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Regional police considering phone-cracking and video analysis tech


Waterloo Regional Police are looking at new technologies to give their investigations an adrenaline shot.

Among them are GrayKey and Cellebrite, data extraction technologies used to get information from locked phones or other devices.

Cellebrite advertises a “forensically sound” full fuel-system data collection, as well as collection of unallocated data, or deleted items. They also offer “case assist,” where customers can “offload routine cases and ease backlogs by letting our experts extract and decode the data for you.” It’s not clear if Regional police would use this feature.

GreyKey offers similar solutions, though offloading data doesn’t appear to be on their menu.

“These technologies allow investigators to retrieve data from locked devices with lawful authority (warrant or consent) in order to further criminal investigations of all types including, homicides, child exploitation, human trafficking, sexual assaults, intimate partner violence and other violent or serious assaults or property crimes, etc.,” said Superintendent Eugene Fenton in an email.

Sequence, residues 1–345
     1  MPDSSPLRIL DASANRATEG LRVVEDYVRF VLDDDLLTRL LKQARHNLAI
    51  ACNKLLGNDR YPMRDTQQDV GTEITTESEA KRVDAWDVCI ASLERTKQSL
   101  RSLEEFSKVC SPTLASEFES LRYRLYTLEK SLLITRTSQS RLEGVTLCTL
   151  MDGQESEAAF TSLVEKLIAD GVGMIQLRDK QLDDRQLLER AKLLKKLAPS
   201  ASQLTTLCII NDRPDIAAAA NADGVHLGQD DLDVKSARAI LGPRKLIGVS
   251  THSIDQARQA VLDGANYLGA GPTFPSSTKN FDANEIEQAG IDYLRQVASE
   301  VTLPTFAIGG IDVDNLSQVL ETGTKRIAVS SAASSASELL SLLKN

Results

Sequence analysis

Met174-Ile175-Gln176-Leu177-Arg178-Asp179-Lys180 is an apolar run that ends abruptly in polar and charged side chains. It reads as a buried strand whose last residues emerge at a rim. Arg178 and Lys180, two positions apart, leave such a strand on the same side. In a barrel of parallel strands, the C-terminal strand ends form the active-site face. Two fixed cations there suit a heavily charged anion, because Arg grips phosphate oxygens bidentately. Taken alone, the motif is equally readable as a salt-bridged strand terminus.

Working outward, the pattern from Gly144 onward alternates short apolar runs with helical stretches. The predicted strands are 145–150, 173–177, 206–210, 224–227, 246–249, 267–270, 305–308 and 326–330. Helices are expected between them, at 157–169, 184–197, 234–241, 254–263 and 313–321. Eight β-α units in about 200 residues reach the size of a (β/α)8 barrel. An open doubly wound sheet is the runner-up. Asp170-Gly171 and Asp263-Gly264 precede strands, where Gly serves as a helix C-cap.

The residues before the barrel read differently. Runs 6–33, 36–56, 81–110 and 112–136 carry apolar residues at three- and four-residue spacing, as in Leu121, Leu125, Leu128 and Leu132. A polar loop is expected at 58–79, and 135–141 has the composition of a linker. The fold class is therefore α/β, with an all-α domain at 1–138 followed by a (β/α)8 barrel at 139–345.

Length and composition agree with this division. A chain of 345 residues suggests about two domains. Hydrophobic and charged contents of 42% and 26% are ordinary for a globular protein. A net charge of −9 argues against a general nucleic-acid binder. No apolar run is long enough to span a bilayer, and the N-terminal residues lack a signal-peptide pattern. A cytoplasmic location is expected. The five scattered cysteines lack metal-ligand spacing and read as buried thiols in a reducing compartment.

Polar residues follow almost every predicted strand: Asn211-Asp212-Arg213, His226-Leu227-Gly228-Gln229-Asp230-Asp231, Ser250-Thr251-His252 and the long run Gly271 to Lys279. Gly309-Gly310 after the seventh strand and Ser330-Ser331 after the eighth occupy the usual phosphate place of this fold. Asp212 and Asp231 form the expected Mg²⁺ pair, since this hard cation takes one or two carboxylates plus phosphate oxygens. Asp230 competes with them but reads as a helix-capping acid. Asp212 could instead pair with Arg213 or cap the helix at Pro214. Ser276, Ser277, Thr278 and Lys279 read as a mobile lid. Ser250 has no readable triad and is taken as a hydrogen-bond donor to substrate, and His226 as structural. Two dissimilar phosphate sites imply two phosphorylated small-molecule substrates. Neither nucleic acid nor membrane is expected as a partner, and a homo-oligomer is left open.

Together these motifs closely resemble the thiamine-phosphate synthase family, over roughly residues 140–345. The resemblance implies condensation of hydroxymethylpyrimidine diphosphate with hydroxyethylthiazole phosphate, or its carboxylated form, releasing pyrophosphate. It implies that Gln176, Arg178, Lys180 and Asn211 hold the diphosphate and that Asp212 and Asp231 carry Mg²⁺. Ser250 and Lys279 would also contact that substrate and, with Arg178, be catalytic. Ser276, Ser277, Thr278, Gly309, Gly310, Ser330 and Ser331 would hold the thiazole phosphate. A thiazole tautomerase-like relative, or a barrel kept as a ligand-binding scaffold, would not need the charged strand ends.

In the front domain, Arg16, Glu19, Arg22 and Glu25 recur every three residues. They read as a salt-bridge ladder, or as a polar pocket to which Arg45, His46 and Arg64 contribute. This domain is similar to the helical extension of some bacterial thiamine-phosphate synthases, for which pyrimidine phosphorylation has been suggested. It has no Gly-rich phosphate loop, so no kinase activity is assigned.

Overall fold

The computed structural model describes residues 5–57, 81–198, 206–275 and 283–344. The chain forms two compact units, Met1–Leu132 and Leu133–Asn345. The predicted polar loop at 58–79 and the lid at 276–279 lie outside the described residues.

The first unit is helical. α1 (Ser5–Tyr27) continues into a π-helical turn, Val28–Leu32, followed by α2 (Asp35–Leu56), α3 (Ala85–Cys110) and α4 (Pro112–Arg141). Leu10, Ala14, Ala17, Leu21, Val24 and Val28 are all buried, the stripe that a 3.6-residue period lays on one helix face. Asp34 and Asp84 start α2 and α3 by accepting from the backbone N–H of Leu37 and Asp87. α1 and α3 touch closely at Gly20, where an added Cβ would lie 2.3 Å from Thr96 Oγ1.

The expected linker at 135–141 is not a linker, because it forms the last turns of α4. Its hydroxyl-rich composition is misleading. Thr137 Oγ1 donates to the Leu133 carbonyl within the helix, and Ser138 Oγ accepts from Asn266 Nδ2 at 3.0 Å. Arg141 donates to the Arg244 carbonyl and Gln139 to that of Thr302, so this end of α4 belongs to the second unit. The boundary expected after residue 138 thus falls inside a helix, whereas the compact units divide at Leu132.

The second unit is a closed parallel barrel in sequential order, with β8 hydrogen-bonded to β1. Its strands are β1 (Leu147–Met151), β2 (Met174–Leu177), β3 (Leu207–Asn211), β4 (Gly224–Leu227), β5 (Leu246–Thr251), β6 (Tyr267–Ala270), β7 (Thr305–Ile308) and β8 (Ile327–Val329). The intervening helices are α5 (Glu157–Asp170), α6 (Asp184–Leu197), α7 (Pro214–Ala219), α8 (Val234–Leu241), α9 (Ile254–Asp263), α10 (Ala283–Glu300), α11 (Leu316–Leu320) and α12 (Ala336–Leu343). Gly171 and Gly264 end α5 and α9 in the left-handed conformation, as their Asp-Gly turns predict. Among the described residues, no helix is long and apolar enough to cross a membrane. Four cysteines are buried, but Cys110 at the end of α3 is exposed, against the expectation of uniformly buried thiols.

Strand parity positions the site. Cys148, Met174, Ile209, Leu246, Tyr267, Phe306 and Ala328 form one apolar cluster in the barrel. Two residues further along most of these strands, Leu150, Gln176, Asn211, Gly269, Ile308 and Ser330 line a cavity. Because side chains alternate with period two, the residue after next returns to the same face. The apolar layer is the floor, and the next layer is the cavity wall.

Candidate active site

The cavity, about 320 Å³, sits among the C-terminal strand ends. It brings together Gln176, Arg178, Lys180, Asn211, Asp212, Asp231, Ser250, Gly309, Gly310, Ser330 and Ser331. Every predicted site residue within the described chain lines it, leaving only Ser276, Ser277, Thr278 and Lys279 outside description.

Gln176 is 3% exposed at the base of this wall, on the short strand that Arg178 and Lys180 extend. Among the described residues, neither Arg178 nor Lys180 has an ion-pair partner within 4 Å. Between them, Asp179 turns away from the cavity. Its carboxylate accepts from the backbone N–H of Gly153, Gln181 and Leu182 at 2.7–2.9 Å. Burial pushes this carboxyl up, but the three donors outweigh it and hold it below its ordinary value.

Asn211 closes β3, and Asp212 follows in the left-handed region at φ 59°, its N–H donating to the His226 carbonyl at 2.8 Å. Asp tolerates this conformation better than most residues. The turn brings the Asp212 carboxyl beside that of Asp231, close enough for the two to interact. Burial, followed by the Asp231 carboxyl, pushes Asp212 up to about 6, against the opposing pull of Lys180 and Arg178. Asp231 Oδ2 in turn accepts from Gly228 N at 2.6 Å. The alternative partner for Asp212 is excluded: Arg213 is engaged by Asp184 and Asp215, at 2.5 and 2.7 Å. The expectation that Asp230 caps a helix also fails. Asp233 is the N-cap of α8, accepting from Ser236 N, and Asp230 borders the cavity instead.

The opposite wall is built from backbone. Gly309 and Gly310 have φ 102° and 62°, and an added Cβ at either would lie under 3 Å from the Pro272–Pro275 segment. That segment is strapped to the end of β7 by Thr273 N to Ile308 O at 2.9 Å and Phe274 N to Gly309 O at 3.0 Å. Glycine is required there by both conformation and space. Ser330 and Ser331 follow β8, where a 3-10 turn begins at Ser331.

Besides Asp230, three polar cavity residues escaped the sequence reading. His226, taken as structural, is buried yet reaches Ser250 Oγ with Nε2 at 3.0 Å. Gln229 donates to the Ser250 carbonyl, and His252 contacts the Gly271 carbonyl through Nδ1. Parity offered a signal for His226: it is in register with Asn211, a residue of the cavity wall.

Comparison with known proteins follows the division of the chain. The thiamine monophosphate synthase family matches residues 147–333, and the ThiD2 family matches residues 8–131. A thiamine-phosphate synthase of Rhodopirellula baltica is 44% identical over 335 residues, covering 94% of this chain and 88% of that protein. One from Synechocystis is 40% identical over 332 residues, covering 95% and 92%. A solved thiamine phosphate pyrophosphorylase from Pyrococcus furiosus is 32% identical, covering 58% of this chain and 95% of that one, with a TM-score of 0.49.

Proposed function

Fenton said the intrusion of privacy would only be done with a warrant or consent. 

“…we believe it is an expectation that the public has of the police – to be able to investigate and solve these types of crimes in order to increase public safety.”

The other technology is BriefCam, a video analytics tool. Regional police previously acknowledged use of Clearview AI, which they discovered through an internal review in 2020. The result was an order from the chief to stop using facial recognition technology, as well as new procedures around using new software. Clearview AI searched the open web for faces, but has since discontinued its service in Canada. The federal privacy commissioner recently released a report saying the New York-based company’s scraping of billions of images of people from across the internet was a clear violation of Canadians’ privacy rights.

BriefCam is not the same beast, though it does offer facial recognition. The company’s software focuses on facial recognition of existing video, such as local files or security footage. That said, BriefCam also touts real-time alerts “for face recognition, line crossing, vehicles, people of interest and object count, in time sensitive situations.”





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